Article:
Vaknin developed a new treatment modality for narcissism and depression, dubbed "Cold Therapy".[34] It is based on recasting pathological narcissism as a form of CPTSD (Complex Post-traumatic Stress Disorder) and arrested development, which result in an addictive personality with a dysfunctional attachment style. The therapy uses re-traumatization and a form of reframing.[35][36][37]

Film appearances[edit]

In 2007, Vaknin appeared in the episode "Egomania" of the British Channel 4 documentary series Mania.

In 2009, he was the subject of an Australian documentary film, I, Psychopath, directed by Ian Walker. In the movie, Vaknin underwent a psychological evaluation in which he met the criteria for psychopathy according to the Hare Psychopathy Checklist, but did not meet the criteria for narcissism.[38][39]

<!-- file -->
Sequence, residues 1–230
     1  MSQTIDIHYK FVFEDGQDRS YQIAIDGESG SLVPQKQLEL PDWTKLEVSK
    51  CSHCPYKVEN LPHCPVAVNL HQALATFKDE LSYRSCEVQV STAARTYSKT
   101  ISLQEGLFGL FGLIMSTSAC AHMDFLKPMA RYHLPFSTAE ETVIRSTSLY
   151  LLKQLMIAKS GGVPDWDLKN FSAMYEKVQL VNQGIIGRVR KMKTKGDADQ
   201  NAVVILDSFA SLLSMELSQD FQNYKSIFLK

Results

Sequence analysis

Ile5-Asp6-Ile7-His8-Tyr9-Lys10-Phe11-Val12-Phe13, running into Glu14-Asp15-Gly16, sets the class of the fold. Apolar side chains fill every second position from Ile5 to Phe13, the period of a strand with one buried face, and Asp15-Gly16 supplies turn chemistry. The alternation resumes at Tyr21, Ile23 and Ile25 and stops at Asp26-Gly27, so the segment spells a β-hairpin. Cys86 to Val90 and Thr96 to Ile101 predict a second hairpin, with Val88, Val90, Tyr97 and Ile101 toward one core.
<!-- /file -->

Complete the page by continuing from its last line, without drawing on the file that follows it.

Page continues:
In 2016, Vaknin appeared in the documentary How Narcissists Took Over the World produced by Vice Media.[40]

In 2019, Vaknin appeared in the online documentary Plugged-in: The True Toxicity of Social Media Revealed produced by Richard Grannon.[41]

Selected publications[edit]

  • Requesting my Loved One (Bakasha me-Isha Ahuva) published by Yedioth Aharonot Miskal, Tel-Aviv, 1997[42]
  • (with Nikola Gruevski) Macedonian Economy on a Crossroads. Skopje, NIP Noval Literatura, 1998. ISBN 9989-610-01-0[43]
  • Malignant Self Love: Narcissism Revisited. Narcissus Publications, Prague, 1999. ISBN 978-80-238-3384-3
  • After the Rain: How the West Lost the East. Narcissus Publications, in association with Central Europe Review/CEENMI, 2000. ISBN 80-238-5173-X[44]

See also[edit]


  1. ^ a b c d Vaknin, Sam. "Curriculum Vitae",, accessed October 27, 2021